Texas Parks & Wildlife Magazine   


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The ABC's of H2O

Breaking down key terms of water issues.

By John S. Merculief II

I’ve always loved the sound of a babbling brook, the gentle way it whispers the many secrets of the uplands. Truth be told, water has a language all its own. From artesian wells to recharge zones, wading into discussions on water issues can be daunting for those unschooled in the lingo.

Here’s a simple look at some key terms used in today’s water talk.

Aquifer: A layer of rock or sand that can absorb and hold water. Examples include the Edwards Aquifer, which stretches from Brackettville through San Antonio to South Austin; and the Ogallala Aquifer, a massive multistate formation that extends through the western Panhandle, including the Amarillo area, Lubbock and Midland. Aquifers provide water for millions of people, as well as for crops and livestock.

Groundwater: Water that occurs below the surface of the earth, where it occupies spaces in soils or geologic strata. Most groundwater comes from precipitation, and typically, 10 percent to 20 percent of precipitation eventually enters aquifers. Groundwater is distinct from surface water, which flows (or sits) on the ground, in rivers, creeks, streams, etc. Groundwater and surface water are the most common sources of drinking water.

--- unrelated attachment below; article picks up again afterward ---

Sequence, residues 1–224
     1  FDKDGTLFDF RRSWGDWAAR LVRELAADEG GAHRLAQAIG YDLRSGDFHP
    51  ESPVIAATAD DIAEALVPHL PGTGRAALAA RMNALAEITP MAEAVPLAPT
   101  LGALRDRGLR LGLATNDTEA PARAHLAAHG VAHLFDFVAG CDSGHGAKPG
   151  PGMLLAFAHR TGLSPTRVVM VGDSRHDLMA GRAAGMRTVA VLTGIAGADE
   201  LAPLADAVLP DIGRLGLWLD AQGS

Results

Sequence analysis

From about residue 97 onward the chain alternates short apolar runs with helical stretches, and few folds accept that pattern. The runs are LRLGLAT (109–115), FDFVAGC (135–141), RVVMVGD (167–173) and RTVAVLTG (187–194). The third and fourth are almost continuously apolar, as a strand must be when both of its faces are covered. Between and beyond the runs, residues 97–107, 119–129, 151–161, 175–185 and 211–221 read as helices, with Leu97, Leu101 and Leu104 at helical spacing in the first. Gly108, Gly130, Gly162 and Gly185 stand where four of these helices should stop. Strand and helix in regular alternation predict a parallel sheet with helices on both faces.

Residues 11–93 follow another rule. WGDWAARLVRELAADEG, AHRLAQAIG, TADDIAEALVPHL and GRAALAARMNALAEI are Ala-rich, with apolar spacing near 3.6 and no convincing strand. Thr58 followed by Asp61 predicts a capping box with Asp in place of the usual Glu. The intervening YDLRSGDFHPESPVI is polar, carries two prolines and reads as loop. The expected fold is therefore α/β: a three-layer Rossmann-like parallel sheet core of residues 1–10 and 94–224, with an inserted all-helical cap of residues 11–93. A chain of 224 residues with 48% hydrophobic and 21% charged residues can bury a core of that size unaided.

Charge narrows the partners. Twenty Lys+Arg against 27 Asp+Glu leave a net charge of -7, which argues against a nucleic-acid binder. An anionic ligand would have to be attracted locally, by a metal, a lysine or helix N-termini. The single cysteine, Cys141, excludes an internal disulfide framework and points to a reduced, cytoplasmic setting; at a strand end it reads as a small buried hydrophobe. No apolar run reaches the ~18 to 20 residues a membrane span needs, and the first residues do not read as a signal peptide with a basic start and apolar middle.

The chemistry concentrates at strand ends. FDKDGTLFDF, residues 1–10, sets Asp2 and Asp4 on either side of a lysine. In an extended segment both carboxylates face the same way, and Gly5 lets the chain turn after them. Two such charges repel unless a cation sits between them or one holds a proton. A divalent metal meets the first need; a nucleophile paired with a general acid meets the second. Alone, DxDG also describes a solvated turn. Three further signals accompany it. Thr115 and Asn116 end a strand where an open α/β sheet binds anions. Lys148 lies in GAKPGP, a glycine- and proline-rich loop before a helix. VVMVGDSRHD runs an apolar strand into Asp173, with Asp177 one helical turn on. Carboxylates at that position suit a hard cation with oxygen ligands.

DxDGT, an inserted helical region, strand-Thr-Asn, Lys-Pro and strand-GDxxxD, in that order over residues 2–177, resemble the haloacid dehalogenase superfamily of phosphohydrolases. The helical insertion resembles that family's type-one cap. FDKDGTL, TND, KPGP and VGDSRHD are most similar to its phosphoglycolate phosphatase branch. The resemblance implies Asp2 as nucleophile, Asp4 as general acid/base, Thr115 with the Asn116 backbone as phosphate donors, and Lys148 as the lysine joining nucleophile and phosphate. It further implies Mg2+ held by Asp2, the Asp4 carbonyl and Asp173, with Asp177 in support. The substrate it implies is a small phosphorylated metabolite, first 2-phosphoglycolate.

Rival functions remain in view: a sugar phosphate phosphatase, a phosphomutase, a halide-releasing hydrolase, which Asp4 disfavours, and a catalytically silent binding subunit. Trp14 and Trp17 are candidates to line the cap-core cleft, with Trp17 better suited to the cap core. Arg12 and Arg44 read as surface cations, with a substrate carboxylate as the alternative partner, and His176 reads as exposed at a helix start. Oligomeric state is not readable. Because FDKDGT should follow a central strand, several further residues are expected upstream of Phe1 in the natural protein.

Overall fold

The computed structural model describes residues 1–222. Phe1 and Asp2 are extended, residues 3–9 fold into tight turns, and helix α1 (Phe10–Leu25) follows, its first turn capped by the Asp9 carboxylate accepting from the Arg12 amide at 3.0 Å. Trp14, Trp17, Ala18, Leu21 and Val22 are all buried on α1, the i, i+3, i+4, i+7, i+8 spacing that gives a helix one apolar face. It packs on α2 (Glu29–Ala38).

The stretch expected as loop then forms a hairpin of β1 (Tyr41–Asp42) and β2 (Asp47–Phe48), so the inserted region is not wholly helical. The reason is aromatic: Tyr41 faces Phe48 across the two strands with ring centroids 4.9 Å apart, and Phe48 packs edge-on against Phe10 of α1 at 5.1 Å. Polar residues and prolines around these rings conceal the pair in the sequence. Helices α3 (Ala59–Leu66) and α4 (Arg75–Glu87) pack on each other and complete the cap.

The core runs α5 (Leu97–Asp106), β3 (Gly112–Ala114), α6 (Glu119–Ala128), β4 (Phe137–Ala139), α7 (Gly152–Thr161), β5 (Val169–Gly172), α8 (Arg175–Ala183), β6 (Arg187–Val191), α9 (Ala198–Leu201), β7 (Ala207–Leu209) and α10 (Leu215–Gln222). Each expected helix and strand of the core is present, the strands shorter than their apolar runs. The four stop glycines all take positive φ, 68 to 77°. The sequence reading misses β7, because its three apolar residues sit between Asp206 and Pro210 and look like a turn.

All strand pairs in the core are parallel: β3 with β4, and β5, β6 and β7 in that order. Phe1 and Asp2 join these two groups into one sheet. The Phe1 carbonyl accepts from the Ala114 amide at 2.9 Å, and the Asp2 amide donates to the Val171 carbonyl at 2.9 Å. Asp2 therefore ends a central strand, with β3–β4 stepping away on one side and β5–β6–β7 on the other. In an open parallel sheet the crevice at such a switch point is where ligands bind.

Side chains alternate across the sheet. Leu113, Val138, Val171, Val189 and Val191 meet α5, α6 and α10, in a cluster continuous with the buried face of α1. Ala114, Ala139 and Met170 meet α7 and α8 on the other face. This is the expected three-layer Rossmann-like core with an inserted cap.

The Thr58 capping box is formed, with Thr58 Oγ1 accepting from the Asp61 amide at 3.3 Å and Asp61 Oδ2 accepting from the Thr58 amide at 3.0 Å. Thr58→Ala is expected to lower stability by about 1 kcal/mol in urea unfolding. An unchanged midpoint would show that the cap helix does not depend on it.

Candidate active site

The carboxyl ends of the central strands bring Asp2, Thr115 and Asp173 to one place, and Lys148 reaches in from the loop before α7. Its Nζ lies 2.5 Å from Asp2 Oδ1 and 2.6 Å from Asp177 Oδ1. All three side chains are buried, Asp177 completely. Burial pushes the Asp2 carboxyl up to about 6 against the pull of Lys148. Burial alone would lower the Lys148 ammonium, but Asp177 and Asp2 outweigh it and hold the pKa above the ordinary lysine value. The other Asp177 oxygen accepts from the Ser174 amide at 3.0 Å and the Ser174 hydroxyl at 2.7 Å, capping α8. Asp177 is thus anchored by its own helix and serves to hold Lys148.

Hydrology: A science dealing with the properties, distribution and circulation of water, both on and below the Earth’s surface and in the atmosphere. State agencies including the Texas Parks and Wildlife Department and the Texas Commission on Environmental Quality use hydrology to ensure their water conservation efforts are grounded in science, not speculation. Hydrology helps us understand our role in the water cycle.

Riparian: Relating to, or living or located on, the bank of a natural watercourse (such as a river). The immediate environment of just about any river, creek or babbling brook counts as riparian — except perhaps the developments of the San Antonio River Walk. The health of a watercourse is closely related to the quality of its riparian areas.

Watershed: The area of land where all the water that falls upon it drains to the same river, stream, lake or estuary. The Rio Grande’s watershed includes the Pecos River. Watersheds are a key element of the hydrologic cycle, the process of rain falling on land, running off to streams and lakes and eventually evaporating to become rain clouds.

Recharge zone: An area where water flows into an aquifer.

Artesian well: A place in the ground where water flows to the surface through natural pressure.

Water footprint: A measure of the amount of water used, both directly and indirectly, to produce consumer goods and services.

Hydrologic cycle: The continuous movement of water on, above and below the surface of the Earth, where it can take the form of liquid, vapor or ice.

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For more on water, check out TPWD's State of Water, with water-related videos, magazine articles and other resources.

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